French Chasseurs alpins on patrol.
French Chasseurs alpins on patrol.
Former Tsarist officers labor in Petrograd. In February and March 1918, War Commissar Leon Trotsky called for imperial officers to help lead the new Red Army. 8,000 volunteered to escape unemployment and to to continue fighting the Germans. Later in the war, however, Trotsky was forced to conscript ex-imperial officers. Although officially “military experts,” many of the Red Army’s leaders were closer to hostages, as their families would be held accountable if officers failed or defected to the anti-Bolshevik Whites. This system proved effective and created stable, competent leadership for the Red Army.
February 25, 1918 – Russian Army Demobilized, Workers’ and Peasants’ Red Army Formed
Pictured – Are you among the volunteers?
Was the Bolshevik revolution to be stillborn? On February 23, Lenin, Trotsky, and Stalin convinced the Bolshevik Central Committee to accept peace with Germany. The terms were devastating: Russia lost all claims to the Baltic, Ukraine, and Finland, while the Germans would keep the land they had occupied since breaking the armistice. Germany also demanded the Russian Army be demobilized. The Bolsheviks only agreed to peace after a stormy session where Lenin threatened to resign if no conclusion was reached.
The peace was to be signed in March, but already its effects were clear. It put Petrograd almost in German hands; the Bolsheviks would have to leave for Moscow. Moreover, even if peace was made with the Germans, the soviet regime could obviously not be left defenseless in the face of its many enemies. With the Russian army gone now both officially and quite literally, scattered in every direction by the Central Powers’ invasion, a new army had to be formed.
That week the Bolsheviks began calling for volunteers for a new revolutionary army. 60,000 workers in Petrograd signed up to be a part of the Workers’ and Peasents’ Red Army. Trotsky appealed to former imperial officers to sign up as well. Over 8,000 did. Although few Russian officers sympathized with the October Revolution, most of them had been left unemployed, while they also desired to continue fighting against the Germans. Despite these initial recruiting successes, morale remained low. Thousands of men deserted quickly, leaving the Red Army with a strength of only 150,000 men by March. Worse, organization was hap-hazard. Many units elected their own officers, and the Bolsheviks had abolished the military’s rank structure. In battle against experienced German troops the nascent Red Army stood no chance.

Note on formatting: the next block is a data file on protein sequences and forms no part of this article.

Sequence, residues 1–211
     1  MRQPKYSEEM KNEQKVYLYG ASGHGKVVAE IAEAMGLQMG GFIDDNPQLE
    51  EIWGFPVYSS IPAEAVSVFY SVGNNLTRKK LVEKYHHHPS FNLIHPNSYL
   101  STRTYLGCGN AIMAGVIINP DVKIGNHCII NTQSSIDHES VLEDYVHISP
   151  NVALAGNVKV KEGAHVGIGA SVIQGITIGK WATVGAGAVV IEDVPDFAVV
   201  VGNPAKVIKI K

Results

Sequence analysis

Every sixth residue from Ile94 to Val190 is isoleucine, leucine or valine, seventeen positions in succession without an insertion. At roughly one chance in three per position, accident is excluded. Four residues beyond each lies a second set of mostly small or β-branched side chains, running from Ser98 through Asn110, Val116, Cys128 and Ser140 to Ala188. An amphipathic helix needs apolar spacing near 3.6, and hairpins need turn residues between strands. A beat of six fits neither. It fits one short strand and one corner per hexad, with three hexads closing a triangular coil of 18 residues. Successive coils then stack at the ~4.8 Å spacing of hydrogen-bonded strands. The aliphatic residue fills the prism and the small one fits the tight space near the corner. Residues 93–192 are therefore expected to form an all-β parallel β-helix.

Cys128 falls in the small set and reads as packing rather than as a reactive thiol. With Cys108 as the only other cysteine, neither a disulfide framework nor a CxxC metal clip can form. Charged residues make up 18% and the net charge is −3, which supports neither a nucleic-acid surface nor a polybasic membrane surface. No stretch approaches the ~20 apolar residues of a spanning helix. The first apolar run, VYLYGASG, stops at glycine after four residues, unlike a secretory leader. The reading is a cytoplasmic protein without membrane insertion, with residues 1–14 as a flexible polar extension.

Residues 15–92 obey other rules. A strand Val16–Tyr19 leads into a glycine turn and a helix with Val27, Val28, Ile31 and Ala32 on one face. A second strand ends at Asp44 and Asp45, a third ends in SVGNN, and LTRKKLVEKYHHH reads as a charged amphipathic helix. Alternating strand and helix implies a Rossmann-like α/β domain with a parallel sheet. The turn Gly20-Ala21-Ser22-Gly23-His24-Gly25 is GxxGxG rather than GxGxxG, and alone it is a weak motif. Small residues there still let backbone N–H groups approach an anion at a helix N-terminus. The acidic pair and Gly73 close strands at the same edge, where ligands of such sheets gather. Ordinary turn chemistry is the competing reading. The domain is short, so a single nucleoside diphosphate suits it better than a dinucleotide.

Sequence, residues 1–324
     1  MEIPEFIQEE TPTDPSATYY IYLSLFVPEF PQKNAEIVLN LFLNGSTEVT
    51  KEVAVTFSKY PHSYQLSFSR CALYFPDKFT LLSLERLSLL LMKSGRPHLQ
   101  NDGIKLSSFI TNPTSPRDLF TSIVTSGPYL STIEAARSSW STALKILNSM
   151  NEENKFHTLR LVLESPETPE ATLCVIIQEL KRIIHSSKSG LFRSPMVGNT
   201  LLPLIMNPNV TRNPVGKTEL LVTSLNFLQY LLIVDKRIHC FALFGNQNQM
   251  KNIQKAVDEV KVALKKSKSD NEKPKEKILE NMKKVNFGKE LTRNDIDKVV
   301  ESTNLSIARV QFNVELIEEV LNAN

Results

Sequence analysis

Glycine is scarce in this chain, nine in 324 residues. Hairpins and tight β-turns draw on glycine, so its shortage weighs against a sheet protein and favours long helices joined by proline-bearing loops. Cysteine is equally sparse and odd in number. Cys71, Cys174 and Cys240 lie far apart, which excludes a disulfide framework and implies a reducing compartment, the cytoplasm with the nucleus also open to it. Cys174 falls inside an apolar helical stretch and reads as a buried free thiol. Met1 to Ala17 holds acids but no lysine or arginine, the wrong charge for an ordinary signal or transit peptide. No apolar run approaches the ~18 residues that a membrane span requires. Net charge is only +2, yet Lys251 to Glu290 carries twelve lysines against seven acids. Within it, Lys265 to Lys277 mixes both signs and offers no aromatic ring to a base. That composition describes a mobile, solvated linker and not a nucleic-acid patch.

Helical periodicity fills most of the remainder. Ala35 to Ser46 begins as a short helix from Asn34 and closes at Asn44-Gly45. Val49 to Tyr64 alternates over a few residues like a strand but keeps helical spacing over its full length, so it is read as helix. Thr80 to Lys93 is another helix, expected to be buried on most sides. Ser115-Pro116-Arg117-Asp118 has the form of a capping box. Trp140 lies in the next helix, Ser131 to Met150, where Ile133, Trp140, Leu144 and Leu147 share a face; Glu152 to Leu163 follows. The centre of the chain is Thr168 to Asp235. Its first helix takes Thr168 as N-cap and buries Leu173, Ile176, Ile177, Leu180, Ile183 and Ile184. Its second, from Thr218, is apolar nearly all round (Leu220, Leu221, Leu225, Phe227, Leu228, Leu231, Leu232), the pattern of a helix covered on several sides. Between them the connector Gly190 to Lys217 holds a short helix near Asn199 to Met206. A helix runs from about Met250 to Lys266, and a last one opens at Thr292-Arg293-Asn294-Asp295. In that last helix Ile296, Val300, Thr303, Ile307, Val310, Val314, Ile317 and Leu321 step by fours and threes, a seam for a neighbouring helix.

Otto Liman von Sanders (1855-1929), center, pictured with Oswald Boelcke, right, before his death in 1916, and another pilot.
February 25 1918, Damascus–Since his dismissal from overall command of German forces, Falkenhayn had been increasingly sidelined–first to Romania, and then to command the new joint Turko-German Yildirim Army Group in the Middle East. The original plan for Yildirim had been to retake Baghdad, but this was eventually called off; Falkenhayn’s more ambitious plans for another attack across the Sinai were forestalled by Allenby’s own very successful offensive in Palestine in the fall of 1917. As a result, Falkenhayn’s chief accomplishment of his Ottoman service was the loss of Jerusalem and most of the rest of Palestine. On February 25, Falkenhayn was dismissed and replaced by Liman von Sanders, who had had overall command of the successful Turkish defense at Gallipoli. Falkenhayn was sent to command the Tenth Army in Belarus, where he would command the German occupation of the area for the remainder of the war.
Ultimately, neither Falkenhayn nor Liman von Sanders were quite up to the task of defending against the British. One of Liman von Sanders’ Turkish staff officers would write:
The policy of Falkenhayn was defense by maneuver; that of Liman defense by resistance in trenches. Falkenhayn never fully realized how difficult maneuver was to troops short of transport on bad roads; Liman never realized that ground in Palestine had not the value it had at Gallipoli.
Sources include: Roger Ford, Eden to Armageddon
Today in 1917: U-Boat Sinks Laconia, Kills Two Americans
Feb 25 1918 James McBey paints “field gun emplacements, with the artillery pieces covered by camouflage netting supported by struts. Both are served by teams of gunners wearing pith helmets” https://t.co/Ra7Do0Qu0x https://t.co/RzQjq3J5HP http://twitter.com/ThisDayInWWI/status/967552859985203200
Feb 25 1918 French airship of the Eclaireur Zodiac Class at Les Marquises aerodrome, near Boulogne-sur-Mer https://t.co/PjoiwVeOo8 https://t.co/PUnhcvfq9V http://twitter.com/ThisDayInWWI/status/967551944414777344
Private Ernest Cooper Davey 3496. Unit: 57th Battalion, Australian Imperial Force Killed in Action in Feb 25 1918 https://t.co/qL84DDdtXL https://t.co/5USWPxqBXn http://twitter.com/ThisDayInWWI/status/967551722435440640
NZ Soldier’s Club which was built at the corner of Cuba and George Streets by the Patriotic Society in 1917. A fundraiser ran from Feb 25 1918 for 3 to 4 weeks, raising £20,000 https://t.co/f2PAd86xhi https://t.co/dKFwobKz24 http://twitter.com/ThisDayInWWI/status/967549527082201088
Feb 25 1918 Florizel wrecked at Cappahayden, Newfoundland https://t.co/tes2ndLGuw https://t.co/DiD5RIcIZc http://twitter.com/ThisDayInWWI/status/967548550933495808
Feb 25 1918 United Kingdom collier Rubio struck a mine, laid by UC-4, and sank in the North Sea off the Shipwash Lightship ( United Kingdom). Her crew survived https://t.co/xnBNbU99Je https://t.co/wMeMpH1ZJ2 http://twitter.com/ThisDayInWWI/status/967546715438948352